If you go back three decades, the top 5 countries of Australians overseas born were all European countries with New Zealand in that mix. Today, three of the top five countries are in Asia. Over the next few decades we'll see that proportion of Sydneysiders born overseas, close in on the 1 in 2 figure, that halfway point. Mark McCrindle talks to SBS World News about migration as a key driver of Australia's population growth.



Sydney grows by more people every 13 days than the whole of Tasmania adds in an entire year. 5 million people will live in Sydney by the end of the year, and for young families, the west is where they can get those house and land packages, a bit more affordability and that's why there is growth there. Mark McCrindle talks to Seven News about the Urban Sprawl Sydney is currently experiencing.


Social researcher Mark McCrindle agrees that the e-change movement is a new phenomenon. With the cost of living and commute times in cities increasing — and affordable housing prospects dwindling — people are moving further away from the CBD. “While that goal of moving out of the big smoke on a tree-change or sea change has always been aspirational, it has suddenly become possible now with the new technology,” he confirms. So why are we swapping urban for suburban?

To view the full article, please click here.





The children of Australia are today's students and tomorrow's employees. And while each generation has passed through the student lifestage, Generation Z are the only ones to have done so in the 21st century. They can be defined as being post-linear, post-literate, and post-logical. They have been born into a time that has seen the printed word morph into an electronic form. Education is shifting from structured classrooms to collaborative means, from textbooks to tablets and from reports to infographics and video presentations.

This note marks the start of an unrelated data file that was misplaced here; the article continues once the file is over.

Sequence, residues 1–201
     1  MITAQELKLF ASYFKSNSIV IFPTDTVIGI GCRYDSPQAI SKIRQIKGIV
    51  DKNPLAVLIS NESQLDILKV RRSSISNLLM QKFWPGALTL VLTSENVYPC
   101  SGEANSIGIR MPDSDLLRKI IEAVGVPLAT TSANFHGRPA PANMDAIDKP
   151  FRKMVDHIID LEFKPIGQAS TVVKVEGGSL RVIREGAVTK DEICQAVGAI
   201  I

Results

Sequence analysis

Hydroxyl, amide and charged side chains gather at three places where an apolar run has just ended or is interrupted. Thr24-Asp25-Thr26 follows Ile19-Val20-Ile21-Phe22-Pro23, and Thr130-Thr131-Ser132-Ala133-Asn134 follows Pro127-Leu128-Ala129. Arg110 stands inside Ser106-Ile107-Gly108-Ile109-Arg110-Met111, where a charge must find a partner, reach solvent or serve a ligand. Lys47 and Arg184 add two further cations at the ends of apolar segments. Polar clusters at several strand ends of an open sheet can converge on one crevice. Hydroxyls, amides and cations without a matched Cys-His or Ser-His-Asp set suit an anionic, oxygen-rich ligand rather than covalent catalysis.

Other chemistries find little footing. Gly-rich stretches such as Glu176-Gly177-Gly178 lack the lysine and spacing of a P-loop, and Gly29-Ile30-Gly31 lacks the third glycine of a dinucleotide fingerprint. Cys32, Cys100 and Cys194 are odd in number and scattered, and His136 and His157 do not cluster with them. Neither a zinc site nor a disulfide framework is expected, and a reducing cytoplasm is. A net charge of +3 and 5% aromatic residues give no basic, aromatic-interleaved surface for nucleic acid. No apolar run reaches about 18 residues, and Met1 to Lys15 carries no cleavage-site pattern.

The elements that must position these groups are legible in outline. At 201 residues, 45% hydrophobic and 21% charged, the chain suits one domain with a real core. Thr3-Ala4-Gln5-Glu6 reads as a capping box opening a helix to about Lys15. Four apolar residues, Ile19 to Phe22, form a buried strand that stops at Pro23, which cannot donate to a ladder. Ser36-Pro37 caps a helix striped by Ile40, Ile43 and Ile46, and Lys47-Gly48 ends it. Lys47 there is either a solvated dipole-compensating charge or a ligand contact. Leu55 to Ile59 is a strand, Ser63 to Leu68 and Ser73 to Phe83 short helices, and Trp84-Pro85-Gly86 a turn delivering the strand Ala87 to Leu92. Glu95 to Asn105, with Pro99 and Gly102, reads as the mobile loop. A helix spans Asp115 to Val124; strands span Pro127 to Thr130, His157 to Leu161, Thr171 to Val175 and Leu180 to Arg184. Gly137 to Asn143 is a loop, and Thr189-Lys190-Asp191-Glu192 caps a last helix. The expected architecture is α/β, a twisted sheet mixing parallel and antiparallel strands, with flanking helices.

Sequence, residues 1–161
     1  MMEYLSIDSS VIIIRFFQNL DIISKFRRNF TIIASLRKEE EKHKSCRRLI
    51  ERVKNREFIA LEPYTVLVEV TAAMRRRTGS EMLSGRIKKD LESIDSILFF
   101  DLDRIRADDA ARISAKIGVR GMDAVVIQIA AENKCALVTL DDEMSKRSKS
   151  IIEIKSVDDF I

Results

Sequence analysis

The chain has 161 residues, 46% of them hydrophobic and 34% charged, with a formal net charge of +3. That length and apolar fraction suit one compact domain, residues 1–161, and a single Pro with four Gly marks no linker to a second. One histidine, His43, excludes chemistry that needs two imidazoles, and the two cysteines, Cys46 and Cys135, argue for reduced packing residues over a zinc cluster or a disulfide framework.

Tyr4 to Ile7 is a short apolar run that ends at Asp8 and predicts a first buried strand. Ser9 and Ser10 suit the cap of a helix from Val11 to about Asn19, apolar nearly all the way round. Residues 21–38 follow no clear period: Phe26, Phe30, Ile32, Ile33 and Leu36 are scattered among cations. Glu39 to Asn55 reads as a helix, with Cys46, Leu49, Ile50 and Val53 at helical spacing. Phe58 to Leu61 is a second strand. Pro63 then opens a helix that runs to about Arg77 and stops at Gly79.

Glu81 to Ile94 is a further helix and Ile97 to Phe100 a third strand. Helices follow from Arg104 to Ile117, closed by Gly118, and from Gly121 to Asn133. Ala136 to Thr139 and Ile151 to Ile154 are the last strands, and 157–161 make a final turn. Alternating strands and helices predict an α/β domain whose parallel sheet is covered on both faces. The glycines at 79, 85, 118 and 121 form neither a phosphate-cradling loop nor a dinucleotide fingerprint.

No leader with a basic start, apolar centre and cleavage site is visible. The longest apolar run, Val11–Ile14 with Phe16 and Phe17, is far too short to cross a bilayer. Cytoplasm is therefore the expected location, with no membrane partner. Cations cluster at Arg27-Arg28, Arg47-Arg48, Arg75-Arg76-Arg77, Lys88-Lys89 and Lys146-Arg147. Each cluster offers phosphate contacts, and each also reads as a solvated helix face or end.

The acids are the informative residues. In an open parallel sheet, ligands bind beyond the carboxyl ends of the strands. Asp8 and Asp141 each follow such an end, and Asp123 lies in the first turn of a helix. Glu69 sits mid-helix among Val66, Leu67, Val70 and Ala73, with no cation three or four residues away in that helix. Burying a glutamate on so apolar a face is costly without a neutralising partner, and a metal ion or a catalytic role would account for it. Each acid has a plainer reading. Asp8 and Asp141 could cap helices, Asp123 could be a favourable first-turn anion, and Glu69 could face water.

To view the full article, please click here.



Figures from the Australian Institute of Family Studies indicate that up to two-thirds of parents may be giving money towards living costs, or as a loan or gift to children in their mid-twenties. "The proportion of 25-year-olds still living in the parental home has doubled from one-in-six in 1976, to almost one-in-three today," adds Mark McCrindle. "The main reasons for this are economic - young people today are far more likely to be in the education system later in life than the previous generation were. Not only are they delaying their earning years, but the costs of moving out of home are significantly higher than those faced by previous generations because of the much higher house prices and resulting rental costs. And so, financial independence occurs later in life."

To view the full article, please click here.